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Trying Portia

Carol Chillington Rutter    University of Warwick, UK    

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abstract

Extraordinary in itself, the 2016 performance of The Merchant in the Venetian Ghetto produced an equally extraordinary collateral performance. Staged in the Scuola Grande di San Rocco, a ‘Mock Appeal in the Matter of Shylock vs Antonio’ was heard by a bench presided over by Ruth Bader Ginsberg. A curious aspect of the Appeal was that Portia made an appellee. This essay investigates the decision to try Portia. What cultural, political, religious needs were served by bringing Portia into court? Thinking about Justice and Mercy, law, bonds, and love, this essay asks: when the verdict was pronounced, was antisemitism recuperated by misogyny?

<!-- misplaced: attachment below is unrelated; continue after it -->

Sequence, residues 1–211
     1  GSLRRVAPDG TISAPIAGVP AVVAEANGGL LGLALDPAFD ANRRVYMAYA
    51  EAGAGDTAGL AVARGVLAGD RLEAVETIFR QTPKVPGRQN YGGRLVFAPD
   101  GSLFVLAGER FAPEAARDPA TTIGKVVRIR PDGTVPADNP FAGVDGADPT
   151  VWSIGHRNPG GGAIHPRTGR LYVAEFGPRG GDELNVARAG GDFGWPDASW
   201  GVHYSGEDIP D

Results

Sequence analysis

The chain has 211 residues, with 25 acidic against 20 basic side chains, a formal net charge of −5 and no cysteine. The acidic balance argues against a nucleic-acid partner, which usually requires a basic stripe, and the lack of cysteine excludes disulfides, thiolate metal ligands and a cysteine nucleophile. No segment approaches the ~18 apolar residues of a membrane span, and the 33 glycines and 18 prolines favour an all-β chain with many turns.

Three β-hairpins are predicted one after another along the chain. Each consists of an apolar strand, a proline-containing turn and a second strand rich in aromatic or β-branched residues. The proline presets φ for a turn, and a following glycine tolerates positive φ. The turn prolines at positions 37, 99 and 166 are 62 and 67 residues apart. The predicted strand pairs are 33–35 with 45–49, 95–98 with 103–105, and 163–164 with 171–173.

Pubblicato
10 Giugno 2021
Lingua
EN
ISBN (PRINT)
978-88-6969-504-9
ISBN (EBOOK)
978-88-6969-503-2

Keywords: Shakespeare’s comedies of loveMock Trial: Shylock vThe quality of mercyChildren reading ShakespeareShakespeare’s trial scenesAntonioAdaptationRuth Bader GinsburgThe Merchant of VeniceThe Merchant of Venice in the GhettoPortia

Copyright: © 2021 Carol Chillington Rutter. This is an open-access work distributed under the terms of the Creative Commons Attribution License (CC BY). The use, distribution or reproduction is permitted, provided that the original author(s) and the copyright owner(s) are credited and that the original publication is cited, in accordance with accepted academic practice. The license allows for commercial use. No use, distribution or reproduction is permitted which does not comply with these terms.